3. Consider Applying for a Private Plan Exemption

Employers who already provide paid FMLA-type benefits that are equal to or greater than those required under the PFML, may seek an exemption for what the law refers to as a “private plan”. An employer may apply for a total or partial exemption from either family and/or medical leave coverage. Employers with plans already in place should be aware that plans may need to be amended to meet the exemption requirements. Applications for the private plan exemption will be accepted on a rolling basis, and each exemption is effective for one year, with an annual renewal option. The application form is expected to become available on April 29, 2019.

Information on the private plan exemption and application process is available here.

A HINT OF WHAT’S TO COME. 
The “scary” portion of PFML does not go into effect until 2021 but bears mention now because it includes some truly groundbreaking expansions of federal FMLA. For example:

 

  • PFML is paid (FMLA is not);
  • PFML covers all private employers (FMLA covers only those with 50 or more employees);
  • PFML protects every employee who meets the low threshold of earning enough income over the prior year, while working for any employer, to qualify for unemployment (FMLA only covers employees who have been with their current employer for one year and who worked 1250 hours for that employer during the prior year);
  • PFML provides more leave (20 weeks for the employee’s own condition and 26 for all combined family and medical versus FMLA’s allowance of only 12 weeks for leave unrelated to caring for a covered service member);
  • PFML is broader in scope (covering some former employees and more family members than FMLA);
  • PFML restricts the benefit year to a 12-month period starting on the first day of leave (FMLA allows four different options);
  • PFML appears to prohibit the employer from forcing an employee to use other employer provided paid leave such as vacation time (FMLA allows this); and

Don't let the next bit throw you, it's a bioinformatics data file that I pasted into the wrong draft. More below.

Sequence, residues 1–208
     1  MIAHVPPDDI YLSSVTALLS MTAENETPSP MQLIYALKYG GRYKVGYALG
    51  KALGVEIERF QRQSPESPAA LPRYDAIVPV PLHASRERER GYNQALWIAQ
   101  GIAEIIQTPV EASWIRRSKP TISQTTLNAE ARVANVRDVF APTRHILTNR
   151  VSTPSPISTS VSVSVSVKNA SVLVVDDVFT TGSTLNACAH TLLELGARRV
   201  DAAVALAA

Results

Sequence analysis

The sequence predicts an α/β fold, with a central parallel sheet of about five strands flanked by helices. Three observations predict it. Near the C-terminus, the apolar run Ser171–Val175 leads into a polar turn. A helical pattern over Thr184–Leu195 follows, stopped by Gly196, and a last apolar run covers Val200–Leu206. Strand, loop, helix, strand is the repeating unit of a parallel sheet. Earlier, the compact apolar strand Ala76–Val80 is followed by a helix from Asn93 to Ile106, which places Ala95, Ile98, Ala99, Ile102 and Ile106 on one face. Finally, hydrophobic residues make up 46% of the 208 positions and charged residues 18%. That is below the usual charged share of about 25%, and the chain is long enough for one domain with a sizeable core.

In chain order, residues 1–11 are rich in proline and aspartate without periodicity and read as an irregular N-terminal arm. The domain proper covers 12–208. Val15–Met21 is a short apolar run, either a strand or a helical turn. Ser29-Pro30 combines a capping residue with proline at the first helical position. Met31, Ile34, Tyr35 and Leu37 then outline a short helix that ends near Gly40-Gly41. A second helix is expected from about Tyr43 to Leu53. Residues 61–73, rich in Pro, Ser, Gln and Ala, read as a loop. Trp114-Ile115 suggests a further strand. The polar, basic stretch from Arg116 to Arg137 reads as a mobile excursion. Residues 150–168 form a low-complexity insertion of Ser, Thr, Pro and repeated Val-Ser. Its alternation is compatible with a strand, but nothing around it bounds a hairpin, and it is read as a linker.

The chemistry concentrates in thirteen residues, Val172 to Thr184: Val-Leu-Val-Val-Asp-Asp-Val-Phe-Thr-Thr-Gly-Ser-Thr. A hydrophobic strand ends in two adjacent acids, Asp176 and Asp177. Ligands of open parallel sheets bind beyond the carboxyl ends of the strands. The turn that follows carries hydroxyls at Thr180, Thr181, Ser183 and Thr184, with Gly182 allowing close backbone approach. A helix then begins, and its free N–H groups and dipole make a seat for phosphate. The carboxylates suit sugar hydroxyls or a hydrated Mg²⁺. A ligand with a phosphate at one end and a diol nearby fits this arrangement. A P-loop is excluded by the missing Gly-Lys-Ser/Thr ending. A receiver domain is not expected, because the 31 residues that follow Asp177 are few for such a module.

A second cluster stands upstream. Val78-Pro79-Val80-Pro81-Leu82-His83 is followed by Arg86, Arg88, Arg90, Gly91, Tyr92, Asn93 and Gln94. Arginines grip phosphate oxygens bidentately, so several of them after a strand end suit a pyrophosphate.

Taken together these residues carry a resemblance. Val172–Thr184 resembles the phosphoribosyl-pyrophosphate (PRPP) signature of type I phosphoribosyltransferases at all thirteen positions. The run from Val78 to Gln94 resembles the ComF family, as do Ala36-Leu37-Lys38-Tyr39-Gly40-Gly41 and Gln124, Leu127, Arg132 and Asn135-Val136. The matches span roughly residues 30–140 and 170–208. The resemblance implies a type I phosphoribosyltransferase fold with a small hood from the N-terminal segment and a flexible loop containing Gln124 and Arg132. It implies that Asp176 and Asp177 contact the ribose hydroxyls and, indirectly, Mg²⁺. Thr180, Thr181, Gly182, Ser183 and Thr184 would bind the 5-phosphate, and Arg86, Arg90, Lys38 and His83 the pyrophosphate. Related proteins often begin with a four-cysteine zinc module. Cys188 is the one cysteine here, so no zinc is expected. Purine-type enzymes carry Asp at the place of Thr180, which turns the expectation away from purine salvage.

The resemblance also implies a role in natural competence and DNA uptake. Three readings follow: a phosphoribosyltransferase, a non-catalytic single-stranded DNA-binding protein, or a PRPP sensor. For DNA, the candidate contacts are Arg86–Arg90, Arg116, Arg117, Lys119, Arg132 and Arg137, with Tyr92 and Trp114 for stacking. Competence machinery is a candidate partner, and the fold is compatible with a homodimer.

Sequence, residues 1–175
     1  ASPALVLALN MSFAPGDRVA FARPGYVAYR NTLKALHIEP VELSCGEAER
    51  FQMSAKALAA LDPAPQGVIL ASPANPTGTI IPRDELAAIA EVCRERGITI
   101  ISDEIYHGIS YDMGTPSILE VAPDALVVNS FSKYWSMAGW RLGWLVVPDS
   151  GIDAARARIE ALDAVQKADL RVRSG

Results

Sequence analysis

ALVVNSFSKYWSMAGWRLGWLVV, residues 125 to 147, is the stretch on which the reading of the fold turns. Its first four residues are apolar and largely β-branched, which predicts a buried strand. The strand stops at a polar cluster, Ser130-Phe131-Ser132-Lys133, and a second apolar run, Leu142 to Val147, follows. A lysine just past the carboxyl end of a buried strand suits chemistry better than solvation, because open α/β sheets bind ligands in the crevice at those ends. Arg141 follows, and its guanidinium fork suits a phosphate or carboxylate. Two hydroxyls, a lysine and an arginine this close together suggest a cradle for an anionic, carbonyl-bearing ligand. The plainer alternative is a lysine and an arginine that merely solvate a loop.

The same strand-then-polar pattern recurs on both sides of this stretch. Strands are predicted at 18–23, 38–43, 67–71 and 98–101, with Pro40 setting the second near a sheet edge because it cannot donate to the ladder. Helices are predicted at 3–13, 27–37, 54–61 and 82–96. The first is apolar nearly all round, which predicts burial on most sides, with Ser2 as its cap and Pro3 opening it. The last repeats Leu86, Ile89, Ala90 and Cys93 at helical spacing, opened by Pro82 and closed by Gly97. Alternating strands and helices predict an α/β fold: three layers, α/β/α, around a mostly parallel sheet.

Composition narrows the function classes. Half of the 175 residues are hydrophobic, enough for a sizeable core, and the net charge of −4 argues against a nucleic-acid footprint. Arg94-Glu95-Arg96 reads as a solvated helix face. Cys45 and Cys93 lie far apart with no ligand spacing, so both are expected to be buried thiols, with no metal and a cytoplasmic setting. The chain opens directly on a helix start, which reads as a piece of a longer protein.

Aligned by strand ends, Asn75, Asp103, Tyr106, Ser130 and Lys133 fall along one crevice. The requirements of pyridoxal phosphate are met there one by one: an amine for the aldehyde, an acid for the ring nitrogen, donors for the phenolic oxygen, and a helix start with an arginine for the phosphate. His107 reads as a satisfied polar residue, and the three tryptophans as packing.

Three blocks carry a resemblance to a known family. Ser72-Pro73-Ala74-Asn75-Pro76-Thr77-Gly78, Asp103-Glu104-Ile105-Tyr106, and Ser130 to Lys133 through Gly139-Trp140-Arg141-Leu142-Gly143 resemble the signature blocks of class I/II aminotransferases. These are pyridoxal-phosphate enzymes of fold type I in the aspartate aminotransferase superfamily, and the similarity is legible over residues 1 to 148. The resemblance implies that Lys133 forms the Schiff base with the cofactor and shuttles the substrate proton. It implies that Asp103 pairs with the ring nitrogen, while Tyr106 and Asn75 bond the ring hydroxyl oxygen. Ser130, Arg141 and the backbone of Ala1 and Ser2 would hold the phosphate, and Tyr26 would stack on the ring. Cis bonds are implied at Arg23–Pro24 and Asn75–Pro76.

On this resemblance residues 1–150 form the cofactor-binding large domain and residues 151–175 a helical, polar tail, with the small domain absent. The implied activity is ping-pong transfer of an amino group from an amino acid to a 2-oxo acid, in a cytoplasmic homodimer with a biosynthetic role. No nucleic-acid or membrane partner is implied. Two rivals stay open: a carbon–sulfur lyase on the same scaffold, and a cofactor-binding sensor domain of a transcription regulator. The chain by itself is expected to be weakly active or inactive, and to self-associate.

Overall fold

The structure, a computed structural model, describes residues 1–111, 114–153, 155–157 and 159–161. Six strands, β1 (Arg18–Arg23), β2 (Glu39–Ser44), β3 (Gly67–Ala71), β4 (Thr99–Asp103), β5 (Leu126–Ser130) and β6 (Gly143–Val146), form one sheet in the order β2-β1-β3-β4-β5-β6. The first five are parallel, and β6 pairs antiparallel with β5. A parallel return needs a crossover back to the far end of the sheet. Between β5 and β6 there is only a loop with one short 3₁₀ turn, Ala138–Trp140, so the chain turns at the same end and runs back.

• PFML is more protective than FMLA with respect to retaliation and reinstatement.

This last difference is particularly alarming. PFML creates a presumption that “any negative change” in employment occurring during leave or within six months after leave ends constitutes illegal retaliation. An employer can avoid liability only by proving “by clear and convincing evidence” (a much higher standard than the usual “preponderance of the evidence”) that its actions were made for non-retaliatory reasons. This will place a tremendous amount of pressure on employers with respect to any decisions relating to every employee who has been on PFML during the prior six months and will undoubtedly result in an uptick in illegal retaliation claims.

This is just a taste of the breadth of the PFML. We will be providing more detailed information in future alerts on the full measure of the PFML, and how it will intersect with employers’ current leave policies and existing law.

FOR NOW, STAY UPDATED. 

The PFML’s procedural requirements and operational mechanics continue to be further explained and fine-tuned. The DFML website is being updated on an ongoing basis and employers should look here and here frequently for updated information. The regulations implementing the law are not expected to be finalized until July 1.

July 1 is coming soon. Employers do not need to panic, but must be diligent in their efforts to prepare to meet their July 1 obligations.

Partridge Snow & Hahn joined with Starkweather and Shepley to present a webinar designed to give employers a better understanding of the law and their compliance obligations. The webinar presentation can be viewed here.